I know that there is ideology on both sides: people who feel that all music should be free, and people who feel that downloading any music you didn’t pay for is theft. But how you feel about the issue doesn’t change the facts: listeners have the option of not paying for music. And, as Cory Doctorow has pointed out, it’s never going to get harder to move bits around than it is right now. So it might be time to think about a business model that reflects this.

I’m not a musician. I’m a fan. And from my perspective, it’s clear that fans do want to support artists that they like. Taking a page from NPR’s book, here’s a list of things that fans will pay for, even if they can get your music for free:

The music. First and foremost, many people will (and do) pay for digital music, even if they don’t have to. This might be because it’s easier to use iTunes than BitTorrent. Or it might be because they want to support the artist. Or both.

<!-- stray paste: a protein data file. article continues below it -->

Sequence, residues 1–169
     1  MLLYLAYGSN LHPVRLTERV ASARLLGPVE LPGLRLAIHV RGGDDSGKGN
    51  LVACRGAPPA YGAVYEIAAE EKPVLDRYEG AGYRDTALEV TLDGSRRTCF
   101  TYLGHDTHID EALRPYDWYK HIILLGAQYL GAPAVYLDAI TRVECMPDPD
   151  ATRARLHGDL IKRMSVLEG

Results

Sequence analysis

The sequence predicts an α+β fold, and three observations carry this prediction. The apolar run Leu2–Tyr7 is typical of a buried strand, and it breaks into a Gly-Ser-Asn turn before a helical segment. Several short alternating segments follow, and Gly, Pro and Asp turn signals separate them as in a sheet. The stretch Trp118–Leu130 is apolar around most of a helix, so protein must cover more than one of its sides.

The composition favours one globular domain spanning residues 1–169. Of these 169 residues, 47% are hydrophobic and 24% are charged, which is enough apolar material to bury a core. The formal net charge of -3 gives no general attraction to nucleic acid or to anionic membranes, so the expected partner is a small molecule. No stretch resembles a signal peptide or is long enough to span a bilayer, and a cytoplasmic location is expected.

CDs and merch. Atoms, not bits. Do you pledge money to NPR to support the programming, or for the This American Life DVD? I’ve bought merchandise even when there was no rational reason for me to, simply because it was a way to support an artist I love. I buy CDs at concerts, because I know the money goes directly to the artists (and because I can listen to them in my car).

Relationships. Anything signed or limited-edition is not just about the article itself—it’s about expressing a relationship with the artist. And relationships aren’t fungible. Jonathan Coulton and Amanda Palmer are two excellent artists who have close relationships with their fans, who in turn support them.

An experience. The canonical example of this is, of course, the concert – whether it’s $5 to see your favorite local band or hundreds of dollars for an arena show. But this also includes things like doing ‘shrooms in a Lamborghini with your favorite drummer.

Something unique. The illustration at the top of this post is a commissioned portrait (“Portrait of the Blogger, with Johnny Toaster,” by rstevens). Definitely worth paying for.